Mar. 2, 2009 Norwegians who suffer from rare disorders feel that they are left to face their problems alone. Since they often fall outwith the conceptual universes of the experts, they find it difficult to explain their situation.
Some 30,000 people in Norway suffer from rare hereditary or congenital disorders. They can be further divided into several groups, in which fewer than 500 persons share the same diagnosis.
Senior research scientist Lisbet Grut of SINTEF Health Research has led an in-depth study of such people. In a project carried out on behalf of the Directorate of Health, Grut interviewed 94 persons from eight diagnostic groups and from the national centres for rare disorders that they attended.
The aim of the study was to shed light on how these persons experienced their own life situation and how they had been treated by the health services.
A feeling of falling outside the system
Grut emphasises the lack of specialist knowledge and of an integrated approach in the health services as two important findings in her material.
“People who have been diagnosed with rare disorders often encounter mistrust and a lack of sympathy in their meetings with the support system. Since they themselves know a good deal about the treatment, measures to be taken, risks and consequences of their diagnoses, they expect to be listened to and respected. But when they meet health service personnel, they find it difficult to get through to them,” she says.
All of the subjects of the study had experienced that health service personnel outside the national centres did not know about their rare disorder diagnoses. Many of them did not place high priority on acquiring such knowledge either, but made their decisions on the basis of what they assumed to be correct. When local follow-up did take place, it was usually dependent on individual health personnel becoming interested in a particular case.
“Patients who have been diagnosed as having a rare disorder share a perception of having fallen outwith the conceptual universes of the experts,” says Lisbet Grut. She does not expect institutions such as the education system, the health service or NAF (the Labour and Welfare Administration) to be familiar with rare disorders, but finds it strange that experts are not anxious to acquire relevant knowledge.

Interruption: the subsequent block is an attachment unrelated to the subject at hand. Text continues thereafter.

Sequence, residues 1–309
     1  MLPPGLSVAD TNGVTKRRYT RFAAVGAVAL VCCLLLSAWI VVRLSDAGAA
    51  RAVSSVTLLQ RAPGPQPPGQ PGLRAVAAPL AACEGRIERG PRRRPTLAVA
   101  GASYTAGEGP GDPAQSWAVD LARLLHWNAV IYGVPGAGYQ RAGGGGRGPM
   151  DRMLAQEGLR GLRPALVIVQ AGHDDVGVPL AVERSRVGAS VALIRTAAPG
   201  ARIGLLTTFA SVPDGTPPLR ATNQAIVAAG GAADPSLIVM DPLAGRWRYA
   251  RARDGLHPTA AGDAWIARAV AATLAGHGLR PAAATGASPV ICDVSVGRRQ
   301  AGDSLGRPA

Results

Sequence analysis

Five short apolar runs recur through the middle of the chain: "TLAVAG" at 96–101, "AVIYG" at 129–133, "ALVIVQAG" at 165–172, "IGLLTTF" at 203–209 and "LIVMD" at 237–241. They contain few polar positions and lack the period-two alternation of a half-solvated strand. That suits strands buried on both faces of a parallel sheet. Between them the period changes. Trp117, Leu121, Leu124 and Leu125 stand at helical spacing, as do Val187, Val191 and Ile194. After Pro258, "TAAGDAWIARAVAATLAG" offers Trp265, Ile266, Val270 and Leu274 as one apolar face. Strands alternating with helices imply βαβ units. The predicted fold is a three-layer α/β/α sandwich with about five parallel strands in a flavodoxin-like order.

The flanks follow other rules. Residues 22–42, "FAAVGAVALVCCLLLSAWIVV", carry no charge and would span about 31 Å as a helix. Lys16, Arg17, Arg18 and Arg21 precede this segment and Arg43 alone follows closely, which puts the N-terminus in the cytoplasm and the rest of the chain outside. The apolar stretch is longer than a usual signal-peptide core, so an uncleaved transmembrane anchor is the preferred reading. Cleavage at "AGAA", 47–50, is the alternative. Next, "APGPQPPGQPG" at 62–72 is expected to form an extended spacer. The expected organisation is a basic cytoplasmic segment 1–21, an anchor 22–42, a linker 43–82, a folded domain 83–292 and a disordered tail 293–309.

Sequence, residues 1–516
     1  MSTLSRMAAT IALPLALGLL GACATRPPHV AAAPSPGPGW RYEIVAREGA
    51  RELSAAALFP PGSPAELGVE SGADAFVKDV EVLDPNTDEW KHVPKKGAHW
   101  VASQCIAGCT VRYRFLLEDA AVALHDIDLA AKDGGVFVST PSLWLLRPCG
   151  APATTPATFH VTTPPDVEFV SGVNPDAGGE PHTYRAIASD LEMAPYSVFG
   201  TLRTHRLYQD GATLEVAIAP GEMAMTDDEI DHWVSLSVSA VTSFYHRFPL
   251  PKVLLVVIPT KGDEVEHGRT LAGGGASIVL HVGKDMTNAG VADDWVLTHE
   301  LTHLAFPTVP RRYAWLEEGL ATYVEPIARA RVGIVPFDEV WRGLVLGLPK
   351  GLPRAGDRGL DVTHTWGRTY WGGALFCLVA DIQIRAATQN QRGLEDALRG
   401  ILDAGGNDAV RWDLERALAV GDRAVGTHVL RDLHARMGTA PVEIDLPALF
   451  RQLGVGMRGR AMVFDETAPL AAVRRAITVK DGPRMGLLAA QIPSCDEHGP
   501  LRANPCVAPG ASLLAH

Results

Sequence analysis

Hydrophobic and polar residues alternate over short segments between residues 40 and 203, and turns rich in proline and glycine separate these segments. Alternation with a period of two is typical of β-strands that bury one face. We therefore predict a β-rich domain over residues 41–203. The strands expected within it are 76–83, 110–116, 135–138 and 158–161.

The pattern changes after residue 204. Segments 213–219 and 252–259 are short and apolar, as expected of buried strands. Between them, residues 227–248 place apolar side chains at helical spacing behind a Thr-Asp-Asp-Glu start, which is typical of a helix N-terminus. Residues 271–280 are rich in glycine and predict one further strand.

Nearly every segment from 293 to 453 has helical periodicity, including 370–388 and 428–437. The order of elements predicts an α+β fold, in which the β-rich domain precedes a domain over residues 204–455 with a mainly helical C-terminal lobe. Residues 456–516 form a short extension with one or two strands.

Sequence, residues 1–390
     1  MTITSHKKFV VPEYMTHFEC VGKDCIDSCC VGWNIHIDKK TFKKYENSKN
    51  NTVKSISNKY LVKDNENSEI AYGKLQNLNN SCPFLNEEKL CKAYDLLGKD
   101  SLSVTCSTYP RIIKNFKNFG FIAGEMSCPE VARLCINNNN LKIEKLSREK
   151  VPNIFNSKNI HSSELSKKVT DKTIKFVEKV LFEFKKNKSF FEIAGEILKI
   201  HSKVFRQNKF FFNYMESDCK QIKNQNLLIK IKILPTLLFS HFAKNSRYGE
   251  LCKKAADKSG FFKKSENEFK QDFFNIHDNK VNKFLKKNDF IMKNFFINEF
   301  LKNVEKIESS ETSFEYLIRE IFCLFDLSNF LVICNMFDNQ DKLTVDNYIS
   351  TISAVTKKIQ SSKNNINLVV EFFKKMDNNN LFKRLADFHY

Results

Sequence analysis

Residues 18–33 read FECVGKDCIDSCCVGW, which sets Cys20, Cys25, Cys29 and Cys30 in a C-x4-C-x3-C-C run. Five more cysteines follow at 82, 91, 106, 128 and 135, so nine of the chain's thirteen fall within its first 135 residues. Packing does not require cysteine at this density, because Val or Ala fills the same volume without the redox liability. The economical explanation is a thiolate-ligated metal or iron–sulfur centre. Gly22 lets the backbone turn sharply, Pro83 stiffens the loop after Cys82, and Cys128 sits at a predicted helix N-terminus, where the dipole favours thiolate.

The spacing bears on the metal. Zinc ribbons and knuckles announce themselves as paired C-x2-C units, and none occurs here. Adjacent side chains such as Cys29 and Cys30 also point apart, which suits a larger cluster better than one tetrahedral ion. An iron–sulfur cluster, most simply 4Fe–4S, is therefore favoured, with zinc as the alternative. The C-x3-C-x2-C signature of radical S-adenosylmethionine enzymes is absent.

Diagnosis takes time
What these rare disorders have in common is that they are incurable. Nevertheless, many people can benefit from ameliorative treatments and various types of adaptation.
The group studied by Lisbet Grut includes people suffering from cystic fibrosis (a multi-organ illness that attacks the respiratory and digestive systems), Usher Syndrome (double loss of hearing and vision) and bladder exstrophy (malformation of the bladder, urinary tract or sexual organs).
Several of the participants in the study say that it took a long time for a diagnosis to be made. In many cases, not even their closest relatives understand what is wrong with them.
The mother of a hearing-impaired boy said that she could not understand why her son gave up cycling one summer. It was a long time before the family realised that he was losing his sight, and several more years passed before he was diagnosed with Usher Syndrome.
Because personnel in the general health service apparatus seldom or never come into contact with rare disorders, a network of national centres have been set up for each disorder. These centres are intended to offer support to the people who have been diagnosed, their families, and professionals at all levels. However, about half of all people who have been diagnosed as having a rare disorder still lack such a national centre that they can attend.
Almost all the interviewees had dealings with NAV, and many of them felt that their cases were dealt with in a rigid manner and that their actual needs were not taken sufficiently into account.
Many of the respondents found that in order to obtain help they had to emphasise the most negative aspects of their condition. Many of them said that they realise that they need to behave in a “polite, humble and obsequious” fashion, and they try to develop strategies for communicating with their case officer.
Since service providers lack knowledge on which to base the way in which they treat patients, applications for support are usually rejected. In very few cases do case officers attempt to obtain the knowledge that they themselves lack. The patients themselves are forced to ensure that information reaches these people.
“Support schemes don’t come into effect by themselves. Living with a rare disorder is largely a matter of being believed and taken seriously. For many people, the national centres are a decisive factor in determining the quality of the help they are given at local level,” says Lisbet Grut.
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